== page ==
|Courses||Number||Type of Mark||Mean||SD||Max Mark||P99||P90||P75||P50||P25|
|Mathematics Extension 2||3469||HSC||41.8||5.4||50.0||48.5||47.0||46.0||43.0||39.0|
Lets look at another set of contrasting subjects, to reinforce the point being made. Suppose one student does General Mathematics and another student does Maths Extension 2 (unfair comparison yes, but relevant in illustrating the point at hand). If the Maths Extension 2 student scored in the 90th percentile, their HSC mark would be 94 scaled mark would be 95.8. For the general mathematics student, even if he/she topped the state, only 90.8 scaled marks would be awarded.
|Courses||Number||Type of Mark||Mean||SD||Max Mark||P99||P90||P75||P50||P25|
In 2010 there were 3469 Maths Extension 2 students, and 30,992 general maths students – almost ten times more students than Maths Extension 2! What the scaling system does is that you are rewarded less for coming first out of 30,992 students compared to coming in the 90th percentile among 3469 students (equal to around 347th).
While the results of these examples do sound amazing, it is acceptable from a statistical / technical analysis – the system rewards students who embark on more difficult subjects like Maths Extension 2 and Chemistry. From a technical standpoint, the system is ‘fair’. For those of you aiming for a ‘high ATAR’, this means you will need to score very high percentiles across all your lower scaling subjects in order to score a 99+ ATAR. This is difficult but not impossible and certainly not unheard of. As a general guide, for all your low scaling subjects (subjects with scaled means of 25 and below) you should aim to score a HSC mark of 95 or better, in order to not jeopardise your chances of achieving the magical 99+ ATAR.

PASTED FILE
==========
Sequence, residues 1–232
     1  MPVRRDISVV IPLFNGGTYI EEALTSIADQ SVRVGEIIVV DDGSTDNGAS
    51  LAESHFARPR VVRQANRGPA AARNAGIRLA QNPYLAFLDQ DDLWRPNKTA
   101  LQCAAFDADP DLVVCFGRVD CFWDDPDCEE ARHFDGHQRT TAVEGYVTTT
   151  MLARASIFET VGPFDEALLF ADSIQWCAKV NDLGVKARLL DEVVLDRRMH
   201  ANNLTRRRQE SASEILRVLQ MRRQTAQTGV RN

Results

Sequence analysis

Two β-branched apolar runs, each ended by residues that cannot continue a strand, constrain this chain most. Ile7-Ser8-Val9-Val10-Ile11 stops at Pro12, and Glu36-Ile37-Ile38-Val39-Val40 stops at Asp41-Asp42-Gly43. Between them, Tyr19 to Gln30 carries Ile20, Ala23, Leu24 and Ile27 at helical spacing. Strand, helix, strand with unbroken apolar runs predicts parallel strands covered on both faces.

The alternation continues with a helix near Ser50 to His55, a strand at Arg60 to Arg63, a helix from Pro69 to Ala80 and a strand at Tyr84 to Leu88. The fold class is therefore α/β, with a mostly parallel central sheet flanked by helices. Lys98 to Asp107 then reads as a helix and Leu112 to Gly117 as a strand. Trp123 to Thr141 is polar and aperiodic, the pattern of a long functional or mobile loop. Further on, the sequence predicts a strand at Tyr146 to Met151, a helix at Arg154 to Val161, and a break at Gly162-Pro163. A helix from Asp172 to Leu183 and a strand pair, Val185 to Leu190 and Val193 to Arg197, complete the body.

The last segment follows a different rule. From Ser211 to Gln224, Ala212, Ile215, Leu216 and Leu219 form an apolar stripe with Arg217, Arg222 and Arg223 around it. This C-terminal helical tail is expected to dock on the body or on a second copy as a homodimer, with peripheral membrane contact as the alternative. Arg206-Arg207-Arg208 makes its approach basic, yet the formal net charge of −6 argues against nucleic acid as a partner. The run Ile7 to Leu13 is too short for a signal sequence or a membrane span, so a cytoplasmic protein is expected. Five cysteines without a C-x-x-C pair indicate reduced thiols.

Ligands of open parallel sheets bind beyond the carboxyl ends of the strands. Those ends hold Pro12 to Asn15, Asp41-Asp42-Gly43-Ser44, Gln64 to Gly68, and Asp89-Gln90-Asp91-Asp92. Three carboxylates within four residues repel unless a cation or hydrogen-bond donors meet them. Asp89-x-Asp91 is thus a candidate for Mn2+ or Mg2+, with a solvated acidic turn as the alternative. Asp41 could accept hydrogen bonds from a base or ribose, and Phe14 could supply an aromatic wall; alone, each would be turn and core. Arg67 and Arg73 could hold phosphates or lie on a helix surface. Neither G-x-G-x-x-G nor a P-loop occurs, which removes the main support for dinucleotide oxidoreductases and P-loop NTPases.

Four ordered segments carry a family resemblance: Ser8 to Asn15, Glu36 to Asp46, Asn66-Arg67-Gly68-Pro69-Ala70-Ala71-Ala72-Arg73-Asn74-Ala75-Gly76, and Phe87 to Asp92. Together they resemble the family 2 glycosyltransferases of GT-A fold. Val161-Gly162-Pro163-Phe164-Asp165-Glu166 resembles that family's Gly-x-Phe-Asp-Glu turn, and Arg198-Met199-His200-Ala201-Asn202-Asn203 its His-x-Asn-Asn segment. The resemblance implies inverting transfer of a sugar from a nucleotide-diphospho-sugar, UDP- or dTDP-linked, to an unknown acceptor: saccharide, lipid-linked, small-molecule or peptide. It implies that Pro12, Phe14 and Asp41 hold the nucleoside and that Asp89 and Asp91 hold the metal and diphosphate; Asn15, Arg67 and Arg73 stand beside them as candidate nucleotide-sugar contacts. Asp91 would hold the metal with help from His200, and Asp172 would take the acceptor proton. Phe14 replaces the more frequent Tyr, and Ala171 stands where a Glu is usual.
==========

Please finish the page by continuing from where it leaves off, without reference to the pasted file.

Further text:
A slight digression from topic: the significance of a 99 ATAR is the fact that Law and Medicine (though based on UMAT and interview results as well, the fact that median ATAR of UNSW and USYD medicine students are 99+ means ATAR is at least a significant indicator of chances of success in gaining admission to these courses)
Having a 5 year double degree might help some people while for others a single 3 bachelor degree may be the better option. There are several points that must be considered when you look for 3 year single degree or 5 year double degree program.
Being as a student you should combine a second degree only when it adds value to your career aspirations. Just for an example- if you choose commerce and are thinking of combining this with Arts, you should ask yourself what you intend to get out of an Arts degree. For example, a good reason to combine is if you are learning languages and intend to work overseas in the future.